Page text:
IBM unveils 4th edition of Call for Code challenge to tackle climate change

IBM said the competition was open for software developers and innovators globally to combat climate change with open source-powered technology

Topics

IBM | Climate Change


Neha Alawadhi  | 
New Delhi 

Technology giant IBM launched the fourth edition of its “Call for Code Global Challenge,” which seeks to use technology to solve a pressing societal issue. This year, the challenge focuses on climate change.

“The winning team from each Call for Code Global Challenge receives $200,000, and support from the IBM Service Corps, technical experts, and ecosystem partners to incubate their technology, open source their code to make it available for anyone to use, and deploy their solution on the ground in communities around the world,” said David Clark, CEO of David Clark Cause, and Creator of Call for Code. “This year the competition focuses on three sub-themes that are key to combatting climate change: clean water and sanitation; zero hunger; and responsible production and green consumption.”

Launched on World Water Day by Call for Code creator David Clark Cause, charitable partner United Nations Human Rights, and the Linux Foundation, IBM said Monday that the competition was open for software developers and innovators globally to combat climate change with open source-powered technology.

In its fourth year, the Call for Code Initiative has grown to more than 400,000 developers and problem solvers across 179 nations, and has generated more than 15,000 applications. Call for Code aims to drive immediate and lasting humanitarian progress around the world through the creation of practical applications built on open source-powered software, including Red Hat OpenShift, IBM Cloud, IBM Watson, IBM Blockchain, atmospheric data from IBM’s Weather Company, and developer resources and APIs from partners like Intuit and New Relic, the tech giant said in a statement.

Among supporters of Call for Code are UN World Food Programme Innovation Accelerator experts, Arrow Electronics, Black Girls Code, Caribbean Girls Hack, Clinton Foundation, Clinton Global Initiative University, Ingram Micro, Intuit, Kode With Klossy, NearForm, United Nations Office for Disaster Risk Reduction, United Way, and World Institute on Disability.

To help take on climate change, IBM is announcing new partnerships this year with Heifer International and charity: water. Heifer International joins the Call for Code movement, contributing their world-renowned expertise in mitigating hunger and poverty by investing in local farmers and their communities.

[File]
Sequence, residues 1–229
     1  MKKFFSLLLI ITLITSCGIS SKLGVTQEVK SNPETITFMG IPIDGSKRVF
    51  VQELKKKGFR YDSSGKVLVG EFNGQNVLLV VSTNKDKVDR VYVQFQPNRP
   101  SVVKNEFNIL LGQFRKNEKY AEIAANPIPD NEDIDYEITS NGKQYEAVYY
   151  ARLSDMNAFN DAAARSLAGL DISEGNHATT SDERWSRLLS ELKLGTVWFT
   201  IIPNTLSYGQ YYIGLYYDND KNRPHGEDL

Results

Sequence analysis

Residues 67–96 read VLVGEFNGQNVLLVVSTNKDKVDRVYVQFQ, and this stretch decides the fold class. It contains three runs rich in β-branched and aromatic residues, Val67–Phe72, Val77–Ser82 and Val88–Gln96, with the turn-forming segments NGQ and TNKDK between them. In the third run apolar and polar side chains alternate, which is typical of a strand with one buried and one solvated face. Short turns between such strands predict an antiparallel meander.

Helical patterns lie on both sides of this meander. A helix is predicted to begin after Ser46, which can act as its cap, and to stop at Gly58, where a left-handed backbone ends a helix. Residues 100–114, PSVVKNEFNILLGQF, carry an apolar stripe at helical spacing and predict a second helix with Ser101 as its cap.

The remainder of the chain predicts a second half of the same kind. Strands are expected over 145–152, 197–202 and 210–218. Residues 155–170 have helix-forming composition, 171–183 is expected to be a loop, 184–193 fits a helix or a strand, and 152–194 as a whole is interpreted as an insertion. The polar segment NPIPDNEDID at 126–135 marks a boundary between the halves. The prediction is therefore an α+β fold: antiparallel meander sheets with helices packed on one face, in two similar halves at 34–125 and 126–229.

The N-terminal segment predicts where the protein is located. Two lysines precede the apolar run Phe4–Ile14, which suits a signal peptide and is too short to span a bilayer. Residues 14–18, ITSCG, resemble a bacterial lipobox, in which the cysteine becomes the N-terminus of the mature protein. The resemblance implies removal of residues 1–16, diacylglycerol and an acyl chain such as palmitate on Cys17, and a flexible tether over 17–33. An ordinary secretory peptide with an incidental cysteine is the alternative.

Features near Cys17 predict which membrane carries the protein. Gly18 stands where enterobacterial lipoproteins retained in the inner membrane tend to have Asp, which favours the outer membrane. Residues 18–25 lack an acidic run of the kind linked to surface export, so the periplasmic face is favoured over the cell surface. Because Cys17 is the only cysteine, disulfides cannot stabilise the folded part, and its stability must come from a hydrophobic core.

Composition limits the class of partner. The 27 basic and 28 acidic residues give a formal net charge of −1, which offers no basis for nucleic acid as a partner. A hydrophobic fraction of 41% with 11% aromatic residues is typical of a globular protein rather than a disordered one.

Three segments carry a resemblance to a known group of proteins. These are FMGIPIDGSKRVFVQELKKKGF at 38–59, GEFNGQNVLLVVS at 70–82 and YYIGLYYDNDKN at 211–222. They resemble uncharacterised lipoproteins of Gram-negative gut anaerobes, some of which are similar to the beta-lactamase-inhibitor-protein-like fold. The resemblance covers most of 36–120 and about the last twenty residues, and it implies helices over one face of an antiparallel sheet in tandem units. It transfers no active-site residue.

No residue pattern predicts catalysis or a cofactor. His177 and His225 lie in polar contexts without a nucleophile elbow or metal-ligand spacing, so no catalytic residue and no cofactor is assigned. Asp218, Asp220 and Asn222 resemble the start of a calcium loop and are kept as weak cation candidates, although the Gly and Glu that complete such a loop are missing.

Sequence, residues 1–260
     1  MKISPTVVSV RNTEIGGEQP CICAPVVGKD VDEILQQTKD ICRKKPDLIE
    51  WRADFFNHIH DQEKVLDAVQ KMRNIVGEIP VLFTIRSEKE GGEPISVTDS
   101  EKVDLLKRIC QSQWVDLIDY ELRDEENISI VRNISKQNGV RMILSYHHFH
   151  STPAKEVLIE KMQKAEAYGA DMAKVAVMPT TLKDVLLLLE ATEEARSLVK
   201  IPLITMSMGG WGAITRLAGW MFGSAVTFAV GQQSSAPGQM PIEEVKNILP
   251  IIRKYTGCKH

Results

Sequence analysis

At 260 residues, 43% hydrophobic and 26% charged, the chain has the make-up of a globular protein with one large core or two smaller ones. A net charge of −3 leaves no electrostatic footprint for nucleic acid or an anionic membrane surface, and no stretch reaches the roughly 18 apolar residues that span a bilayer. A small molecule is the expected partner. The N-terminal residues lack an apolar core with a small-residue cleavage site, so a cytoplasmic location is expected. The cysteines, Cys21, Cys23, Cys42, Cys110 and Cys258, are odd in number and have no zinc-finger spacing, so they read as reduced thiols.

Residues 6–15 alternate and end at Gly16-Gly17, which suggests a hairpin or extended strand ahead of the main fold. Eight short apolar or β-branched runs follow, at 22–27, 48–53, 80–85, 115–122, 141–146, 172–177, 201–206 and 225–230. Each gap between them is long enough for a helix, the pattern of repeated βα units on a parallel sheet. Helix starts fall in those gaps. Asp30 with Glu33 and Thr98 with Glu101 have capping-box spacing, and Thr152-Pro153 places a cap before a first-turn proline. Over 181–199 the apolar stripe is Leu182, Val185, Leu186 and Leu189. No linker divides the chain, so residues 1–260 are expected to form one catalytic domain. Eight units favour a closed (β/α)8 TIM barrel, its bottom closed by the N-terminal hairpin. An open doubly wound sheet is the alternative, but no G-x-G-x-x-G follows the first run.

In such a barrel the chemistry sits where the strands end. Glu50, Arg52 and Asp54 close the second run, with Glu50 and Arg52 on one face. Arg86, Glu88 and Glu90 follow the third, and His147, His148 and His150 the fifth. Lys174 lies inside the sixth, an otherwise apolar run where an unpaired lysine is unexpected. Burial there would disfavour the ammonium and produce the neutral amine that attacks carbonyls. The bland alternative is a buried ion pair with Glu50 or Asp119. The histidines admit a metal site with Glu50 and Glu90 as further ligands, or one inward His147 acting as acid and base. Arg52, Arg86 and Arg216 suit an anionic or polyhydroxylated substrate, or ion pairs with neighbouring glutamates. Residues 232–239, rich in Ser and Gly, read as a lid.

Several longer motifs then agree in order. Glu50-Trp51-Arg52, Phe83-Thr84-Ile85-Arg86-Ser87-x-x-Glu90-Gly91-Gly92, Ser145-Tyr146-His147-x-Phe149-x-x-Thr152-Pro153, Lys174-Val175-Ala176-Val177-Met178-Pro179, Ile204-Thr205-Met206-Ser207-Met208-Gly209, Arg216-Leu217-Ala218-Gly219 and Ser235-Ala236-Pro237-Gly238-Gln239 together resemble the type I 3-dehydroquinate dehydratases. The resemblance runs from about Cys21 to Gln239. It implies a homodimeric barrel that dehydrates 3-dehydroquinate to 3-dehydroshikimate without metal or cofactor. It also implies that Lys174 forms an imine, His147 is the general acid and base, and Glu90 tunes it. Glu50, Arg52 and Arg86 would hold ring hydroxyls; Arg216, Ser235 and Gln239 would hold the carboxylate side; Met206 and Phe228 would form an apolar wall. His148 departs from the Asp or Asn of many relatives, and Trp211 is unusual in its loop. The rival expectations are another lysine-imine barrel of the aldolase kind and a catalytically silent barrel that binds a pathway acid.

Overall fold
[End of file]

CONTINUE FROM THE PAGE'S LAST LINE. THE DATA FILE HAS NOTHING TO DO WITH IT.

“Smallholder farmers produce the majority of the world’s food and are on the frontlines of the climate crisis. With access to information and technology, they can make informed decisions on what to grow and when, enabling them to increase their incomes, while feeding the world,” said David Gill, Senior Director of Technology Innovation for Heifer International. “We’re excited to join IBM and the developer and open source communities in supporting these solutions that have the potential to increase access to water, food, and markets for millions of people around the world.”

Last year’s winning solution, Agrolly, is an app designed to support small farmers by providing climate and crop predictions and recommendations.

Since October, the Agrolly team has expanded their solution to new markets and provided hands-on training to more than 500 rural farmers across Mongolia, India, and Brazil, who are testing and using the app to fight the effects of climate change. Agrolly is also working with the IBM Service Corps on a deployment plan to improve and test their technology in the coming months.

“Climate change is one of the most pressing issues of our time, and we must apply our collective ingenuity and cutting-edge technologies to make a lasting difference,” said Ruth Davis, director of Call for Code, IBM. “Together with our ecosystem of partners, IBM will work with the winning team to incubate and deploy their solution in communities where it’s most needed, just as we’ve done with past winners. I encourage every developer and innovator around the world to seize this opportunity through Call for Code to change our climate trajectory.”

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